I’m not Jewish. Actually, I’m not really religious at all. Technically speaking, I’m Catholic, but really, I don’t subscribe to any specific faith. I think there are some really great Christian ideologies. There are also brilliant philosophies in pagan and Eastern religions. I firmly believe in embracing different cultures and celebrating diversity. In fact, when I think about how I will raise my future children, I plan to expose them to a variety of religious philosophies and traditions.
When it comes to religion, the things that really intrigue me are the rituals and traditions. I love how these tie in with people’s beliefs and stories. In many ways, I feel like these traditions bear far more importance on our lives than dogma.
So to celebrate Hanukkah, I decided to try my hand at making latkes. Potato pancakes are a pretty common cultural dish. My German and Swedish heritage both impart the potato pancake tradition upon me. But since we’re celebrating Hanukkah here, let’s take a brief moment to look at the dish as it applies to Jewish culture and Hanukkah.
First of all, the oil in which the latkes are cooked commemorates the miracle of the Hanukkah oil. Originally, latkes were made with cheese rather than potatoes. The cheese latkes recall the heroine Judith, who helped save her people by slaying a Greek general with the help of some cheese. After eating too much cheese, the general quenched his thirst with too much wine (Hey, it happens to the best of us right?) Once he was drunk, Judith decapitated him thereby saving her people. (Source and Source)
And there we have your history lesson for the day, now on to the food.
I knew what I needed to make my latkes, but I was sure about the proportions. I consulted a few recipes for ratios so I didn’t end up with enough latkes to feel an army. Cooking Light has a great recipe if you’re not comfortable winging it.
3 medium potatoes
1 large sweet onion
¼ c. flour
¼ c. canola oil
Make It Happen
- Shred the onion and potatoes using a food processor or grater.
- Press as much moisture out of the potatoes and onions as you possibly can. I threw them in a colander and pressed them as much as I could. One of the recipes I read suggested using a clean dish cloth or cheesecloth to wring out the potatoes but as I was at the boy’s house and had neither, I couldn’t try this method. Or, in my quest to make perfectly crisp hash brown, I’ve seen the suggestion to use a potato ricer, I expect that would work here if you have one.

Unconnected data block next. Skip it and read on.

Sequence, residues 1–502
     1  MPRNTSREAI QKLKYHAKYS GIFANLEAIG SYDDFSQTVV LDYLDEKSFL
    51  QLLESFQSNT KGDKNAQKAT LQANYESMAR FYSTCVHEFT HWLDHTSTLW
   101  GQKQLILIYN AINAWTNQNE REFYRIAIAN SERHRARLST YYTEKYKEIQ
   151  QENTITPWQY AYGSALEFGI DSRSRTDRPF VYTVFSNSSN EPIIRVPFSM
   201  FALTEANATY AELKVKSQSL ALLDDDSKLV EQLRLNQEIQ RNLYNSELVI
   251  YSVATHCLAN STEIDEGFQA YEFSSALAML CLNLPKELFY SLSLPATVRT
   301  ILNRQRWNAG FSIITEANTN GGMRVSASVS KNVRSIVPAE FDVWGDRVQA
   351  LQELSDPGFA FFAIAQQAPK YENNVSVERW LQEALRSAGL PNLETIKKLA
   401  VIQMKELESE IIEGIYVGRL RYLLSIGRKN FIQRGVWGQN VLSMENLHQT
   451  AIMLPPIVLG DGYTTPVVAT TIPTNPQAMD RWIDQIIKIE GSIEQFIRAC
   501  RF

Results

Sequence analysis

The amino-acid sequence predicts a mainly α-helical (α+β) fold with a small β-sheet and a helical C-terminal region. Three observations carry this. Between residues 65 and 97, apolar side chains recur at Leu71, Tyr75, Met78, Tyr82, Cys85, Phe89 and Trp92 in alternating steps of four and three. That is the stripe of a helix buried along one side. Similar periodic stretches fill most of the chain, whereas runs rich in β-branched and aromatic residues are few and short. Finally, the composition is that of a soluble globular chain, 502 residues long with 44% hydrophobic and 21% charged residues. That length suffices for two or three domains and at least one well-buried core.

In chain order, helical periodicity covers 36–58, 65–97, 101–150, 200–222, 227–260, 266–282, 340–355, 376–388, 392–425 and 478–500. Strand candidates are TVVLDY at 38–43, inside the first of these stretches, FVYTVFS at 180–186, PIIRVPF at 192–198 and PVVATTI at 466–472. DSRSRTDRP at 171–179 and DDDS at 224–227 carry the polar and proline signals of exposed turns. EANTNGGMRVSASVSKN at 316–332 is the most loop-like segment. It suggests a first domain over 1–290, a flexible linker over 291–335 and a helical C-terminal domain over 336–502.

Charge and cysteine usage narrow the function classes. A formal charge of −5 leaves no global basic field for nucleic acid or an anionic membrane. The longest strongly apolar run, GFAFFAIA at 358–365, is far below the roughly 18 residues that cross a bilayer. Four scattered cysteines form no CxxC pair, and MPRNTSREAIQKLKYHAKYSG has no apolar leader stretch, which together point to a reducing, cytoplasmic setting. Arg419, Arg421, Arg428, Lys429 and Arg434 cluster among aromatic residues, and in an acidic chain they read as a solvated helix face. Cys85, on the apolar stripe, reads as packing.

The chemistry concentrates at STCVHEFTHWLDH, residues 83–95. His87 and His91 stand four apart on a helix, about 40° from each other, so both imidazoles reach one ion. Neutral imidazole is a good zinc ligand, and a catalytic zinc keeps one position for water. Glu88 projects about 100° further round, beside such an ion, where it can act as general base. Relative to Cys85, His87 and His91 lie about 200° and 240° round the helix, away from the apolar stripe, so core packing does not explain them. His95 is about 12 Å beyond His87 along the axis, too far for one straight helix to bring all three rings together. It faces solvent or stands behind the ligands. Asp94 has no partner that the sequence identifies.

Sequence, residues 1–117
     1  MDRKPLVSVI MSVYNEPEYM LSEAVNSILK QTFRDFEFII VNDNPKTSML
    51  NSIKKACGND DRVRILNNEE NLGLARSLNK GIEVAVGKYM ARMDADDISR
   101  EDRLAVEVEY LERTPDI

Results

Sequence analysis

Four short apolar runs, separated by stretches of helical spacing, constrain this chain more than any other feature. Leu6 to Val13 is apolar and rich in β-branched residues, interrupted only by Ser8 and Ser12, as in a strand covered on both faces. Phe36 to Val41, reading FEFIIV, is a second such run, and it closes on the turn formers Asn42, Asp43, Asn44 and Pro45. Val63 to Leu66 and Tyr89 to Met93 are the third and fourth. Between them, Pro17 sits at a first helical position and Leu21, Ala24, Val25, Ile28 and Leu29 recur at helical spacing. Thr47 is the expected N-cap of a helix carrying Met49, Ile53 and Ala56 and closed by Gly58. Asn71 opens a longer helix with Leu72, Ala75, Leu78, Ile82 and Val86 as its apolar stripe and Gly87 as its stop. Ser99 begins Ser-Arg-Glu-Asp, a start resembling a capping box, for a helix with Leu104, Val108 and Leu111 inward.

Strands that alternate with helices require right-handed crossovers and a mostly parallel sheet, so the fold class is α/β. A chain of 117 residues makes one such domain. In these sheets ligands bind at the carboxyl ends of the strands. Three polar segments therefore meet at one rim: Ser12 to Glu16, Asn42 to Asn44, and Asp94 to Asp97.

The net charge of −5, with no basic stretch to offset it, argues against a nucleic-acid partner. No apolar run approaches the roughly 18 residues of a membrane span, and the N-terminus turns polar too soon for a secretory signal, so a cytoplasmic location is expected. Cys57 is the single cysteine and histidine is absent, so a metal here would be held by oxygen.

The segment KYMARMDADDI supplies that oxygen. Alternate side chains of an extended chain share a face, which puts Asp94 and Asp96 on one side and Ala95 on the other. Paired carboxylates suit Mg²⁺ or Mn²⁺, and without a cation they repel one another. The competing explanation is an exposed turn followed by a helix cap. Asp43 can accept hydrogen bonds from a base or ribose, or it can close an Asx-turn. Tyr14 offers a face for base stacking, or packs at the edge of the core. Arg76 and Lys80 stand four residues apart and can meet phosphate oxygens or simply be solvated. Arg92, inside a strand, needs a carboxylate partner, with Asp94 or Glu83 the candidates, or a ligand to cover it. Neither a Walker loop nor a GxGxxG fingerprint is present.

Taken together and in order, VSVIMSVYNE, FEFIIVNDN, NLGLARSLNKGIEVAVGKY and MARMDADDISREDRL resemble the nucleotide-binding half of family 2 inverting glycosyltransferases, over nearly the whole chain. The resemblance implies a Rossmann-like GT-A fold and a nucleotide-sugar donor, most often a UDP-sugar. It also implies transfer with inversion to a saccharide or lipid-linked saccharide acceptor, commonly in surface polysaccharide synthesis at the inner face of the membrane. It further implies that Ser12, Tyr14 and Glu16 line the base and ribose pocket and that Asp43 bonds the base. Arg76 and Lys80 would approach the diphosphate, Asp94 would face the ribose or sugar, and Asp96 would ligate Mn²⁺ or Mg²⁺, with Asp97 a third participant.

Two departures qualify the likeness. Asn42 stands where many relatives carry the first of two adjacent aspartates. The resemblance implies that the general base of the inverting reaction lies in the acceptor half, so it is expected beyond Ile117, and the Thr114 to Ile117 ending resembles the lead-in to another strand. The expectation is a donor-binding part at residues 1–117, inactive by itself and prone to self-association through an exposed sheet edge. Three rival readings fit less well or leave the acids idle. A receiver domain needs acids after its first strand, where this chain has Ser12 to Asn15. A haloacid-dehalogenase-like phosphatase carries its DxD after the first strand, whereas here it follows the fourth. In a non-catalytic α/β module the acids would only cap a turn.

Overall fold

- While the potatoes were being pressed in the colander, beat the egg and combined it with the flour, salt, and pepper.
- Once the potatoes and onions are sufficiently dry add them to the egg mixture. I used my hands to mix them together.
- Heat oil (2 T at a time) in a large skillet. Form your latkes using about ¼ cup of the potato mixture. Cook until golden brown and then flip.
- Place finished latkes on a cookie sheet in the oven to keep them warm while making the next batches. I set the over at 250.
I hate sour cream so I served mine with applesauce on the side. The boy used pancake syrup, BBQ sauce, and maybe some ketchup. My latkes got the stamp of approval, but there are a few things I would suggest/ do differently for the perfect potato pancake.
- If you have a food processor, use it! I was too lazy to drag my ancient food processor (which I’ve lovingly named Greta,by the way) over to the boy’s house so I brought my, much lighter and easier to transport, grater box instead. I regretted this instantly. Shredding onions is a nightmare!
- Next time I’ll use less onion. Don’t get me wrong, I love me some onion, but these were a bit heavy on the onion. It wasn’t bad, but the onion overpowered the potato a bit.
- Get more moisture out of the potatoes and onions. This really prevents them from nicely crisping up.
Now I’m off to find other holidays or traditions that call for potato pancakes so I can perfect my technique.